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United States : Railroads Detail New Crude by Rail Safety Training Program and Continuing Safety Efforts at Senate Hearing.

Emphasizing the importance of cooperation with local emergency responders and an unwavering commitment to preparedness, Transportation Technology Center, Inc. (TTCI) President Lisa A. Stabler testified today before the U.S. Senate Homeland Security Subcommittee on Emergency Management, Intergovernmental Relations, and the District of Columbia about the railroad industry s continuing safety efforts.

TTCI is a wholly owned subsidiary of the Association of American Railroads (R), which in addition to the research and testing that it provides in support of the rail industry, also delivers extensive, hands-on, realistic training to help railroad employees and emergency responders from around the country be better prepared for hazardous material incidents.

Railroads devote enormous resources towards enhancing safety and preparing for emergency situations, Stabler told the subcommittee. Indeed, railroads are committed to demonstrating that nothing is more important than the safety of their employees, their customers and the communities they serve.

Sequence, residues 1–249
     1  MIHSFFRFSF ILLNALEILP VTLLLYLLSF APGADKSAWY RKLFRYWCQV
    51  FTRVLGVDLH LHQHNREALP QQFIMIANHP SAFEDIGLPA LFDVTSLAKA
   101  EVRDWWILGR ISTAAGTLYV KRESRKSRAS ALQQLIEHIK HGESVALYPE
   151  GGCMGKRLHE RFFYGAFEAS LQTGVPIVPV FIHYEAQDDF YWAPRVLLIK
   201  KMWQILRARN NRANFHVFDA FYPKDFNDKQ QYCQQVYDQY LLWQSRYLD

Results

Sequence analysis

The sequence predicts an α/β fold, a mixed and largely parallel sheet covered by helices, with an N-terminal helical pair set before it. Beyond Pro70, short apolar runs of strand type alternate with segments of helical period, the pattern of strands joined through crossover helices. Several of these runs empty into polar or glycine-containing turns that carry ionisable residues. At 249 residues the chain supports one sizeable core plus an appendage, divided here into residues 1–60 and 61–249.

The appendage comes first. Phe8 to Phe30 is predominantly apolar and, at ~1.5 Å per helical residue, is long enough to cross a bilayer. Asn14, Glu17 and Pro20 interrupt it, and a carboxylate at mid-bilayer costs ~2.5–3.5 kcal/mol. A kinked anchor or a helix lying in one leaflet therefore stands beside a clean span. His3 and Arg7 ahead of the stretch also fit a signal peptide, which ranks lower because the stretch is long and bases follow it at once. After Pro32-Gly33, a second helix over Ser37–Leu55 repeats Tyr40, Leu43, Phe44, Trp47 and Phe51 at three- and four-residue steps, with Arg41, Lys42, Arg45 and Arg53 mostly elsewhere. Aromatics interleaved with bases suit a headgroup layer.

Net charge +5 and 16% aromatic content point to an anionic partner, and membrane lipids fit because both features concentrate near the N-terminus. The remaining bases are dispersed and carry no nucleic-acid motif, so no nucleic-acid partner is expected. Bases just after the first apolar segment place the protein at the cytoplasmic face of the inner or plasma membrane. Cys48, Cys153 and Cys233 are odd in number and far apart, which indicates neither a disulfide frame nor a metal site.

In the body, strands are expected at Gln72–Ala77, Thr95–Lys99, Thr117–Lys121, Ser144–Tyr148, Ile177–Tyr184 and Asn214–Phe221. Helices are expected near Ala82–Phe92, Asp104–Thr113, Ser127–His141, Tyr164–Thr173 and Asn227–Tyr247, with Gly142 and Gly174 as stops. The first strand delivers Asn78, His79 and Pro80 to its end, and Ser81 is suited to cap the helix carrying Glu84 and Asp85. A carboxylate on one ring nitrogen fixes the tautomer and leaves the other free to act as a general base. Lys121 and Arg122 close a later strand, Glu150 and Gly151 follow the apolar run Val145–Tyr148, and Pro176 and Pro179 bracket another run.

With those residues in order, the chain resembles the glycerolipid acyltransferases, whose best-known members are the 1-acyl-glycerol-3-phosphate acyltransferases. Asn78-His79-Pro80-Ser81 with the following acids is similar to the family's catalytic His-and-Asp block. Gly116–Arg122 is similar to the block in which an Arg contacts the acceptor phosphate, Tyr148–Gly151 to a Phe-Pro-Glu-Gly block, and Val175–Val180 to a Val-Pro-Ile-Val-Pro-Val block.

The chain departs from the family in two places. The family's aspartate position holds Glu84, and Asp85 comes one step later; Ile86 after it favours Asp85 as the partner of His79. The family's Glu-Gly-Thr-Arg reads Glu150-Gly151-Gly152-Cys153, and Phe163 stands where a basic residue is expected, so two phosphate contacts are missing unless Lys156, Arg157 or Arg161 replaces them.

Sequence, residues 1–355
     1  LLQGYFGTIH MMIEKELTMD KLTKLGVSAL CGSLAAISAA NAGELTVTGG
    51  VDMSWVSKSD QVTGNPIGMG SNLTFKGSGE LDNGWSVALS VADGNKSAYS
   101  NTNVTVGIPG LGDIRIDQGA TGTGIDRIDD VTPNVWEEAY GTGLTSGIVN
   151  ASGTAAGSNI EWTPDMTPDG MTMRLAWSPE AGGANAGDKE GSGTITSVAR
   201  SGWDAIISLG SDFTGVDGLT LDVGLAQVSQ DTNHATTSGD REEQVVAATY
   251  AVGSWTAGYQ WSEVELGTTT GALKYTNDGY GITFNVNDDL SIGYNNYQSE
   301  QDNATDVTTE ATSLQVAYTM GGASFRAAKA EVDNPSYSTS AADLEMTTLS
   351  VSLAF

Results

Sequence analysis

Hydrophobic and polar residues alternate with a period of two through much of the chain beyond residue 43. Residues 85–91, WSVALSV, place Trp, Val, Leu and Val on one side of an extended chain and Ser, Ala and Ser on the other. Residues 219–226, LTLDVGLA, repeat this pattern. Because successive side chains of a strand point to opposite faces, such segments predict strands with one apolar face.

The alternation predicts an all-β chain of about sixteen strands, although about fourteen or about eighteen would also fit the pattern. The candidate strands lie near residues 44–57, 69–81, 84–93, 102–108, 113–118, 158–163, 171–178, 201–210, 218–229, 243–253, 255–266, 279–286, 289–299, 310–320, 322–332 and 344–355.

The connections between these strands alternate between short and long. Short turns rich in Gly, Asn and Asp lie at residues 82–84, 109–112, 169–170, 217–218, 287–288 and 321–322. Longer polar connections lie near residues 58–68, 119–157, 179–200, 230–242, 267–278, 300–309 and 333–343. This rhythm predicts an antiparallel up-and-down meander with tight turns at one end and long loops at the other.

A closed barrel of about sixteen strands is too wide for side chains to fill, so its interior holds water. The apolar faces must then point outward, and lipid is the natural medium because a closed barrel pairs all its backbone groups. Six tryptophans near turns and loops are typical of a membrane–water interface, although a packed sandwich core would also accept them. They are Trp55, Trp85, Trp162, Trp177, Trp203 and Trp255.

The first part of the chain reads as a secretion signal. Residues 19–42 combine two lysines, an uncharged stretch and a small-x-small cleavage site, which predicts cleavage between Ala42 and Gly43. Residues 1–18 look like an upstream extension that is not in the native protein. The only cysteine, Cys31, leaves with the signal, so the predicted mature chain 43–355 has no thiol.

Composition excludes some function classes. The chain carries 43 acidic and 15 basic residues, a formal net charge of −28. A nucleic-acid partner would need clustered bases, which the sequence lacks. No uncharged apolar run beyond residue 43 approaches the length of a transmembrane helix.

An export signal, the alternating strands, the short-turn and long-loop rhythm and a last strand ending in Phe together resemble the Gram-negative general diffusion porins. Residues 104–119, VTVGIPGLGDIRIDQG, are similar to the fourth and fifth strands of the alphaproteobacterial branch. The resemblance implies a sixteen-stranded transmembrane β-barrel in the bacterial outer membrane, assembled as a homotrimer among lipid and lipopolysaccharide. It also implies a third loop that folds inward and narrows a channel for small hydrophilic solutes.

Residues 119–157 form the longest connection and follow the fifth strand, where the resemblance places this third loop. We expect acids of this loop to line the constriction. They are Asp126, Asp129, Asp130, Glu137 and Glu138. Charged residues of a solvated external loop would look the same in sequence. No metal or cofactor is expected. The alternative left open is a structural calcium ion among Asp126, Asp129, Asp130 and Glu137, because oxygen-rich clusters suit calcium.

In response to the sharp increase in crude oil production in North America and subsequent demand for oil shipments by rail, Stabler said new crude oil emergency response curriculum and training is being developed at TTCI s Security and Emergency Response Training Center (SERTC) in Pueblo, CO. The classroom and in-field training is designed for emergency responders from all over the country, and will include three days of programmatic teachings and field exercises focused on crude oil spill and derailment procedures.

Additionally, SERTC, which currently trains more than 2,000 emergency responders annually at the Colorado facility, has added a general crude oil safety module to all of its existing courses and is developing a new crude oil emergency response training video. The new efforts to train emergency responders about crude oil are a direct result of the voluntary measures to increase crude oil safety standards that the rail industry recently agreed to with the U.S. Department of Transportation.

Stabler said the rail industry is committed to training emergency responders, and that the industry actively trains more than 20,000 emergency responders around the country each year. Many are trained to assist their communities prepare for, and to respond to, hazmat incidents through the Transportation Community Awareness and Emergency Response Program (TRANSCAER), a national inter-industry partnership that is supported by the Class I railroads along with some trade associations, chemical and petroleum firms.

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Publication:Mena Report
Date:Mar 26, 2014
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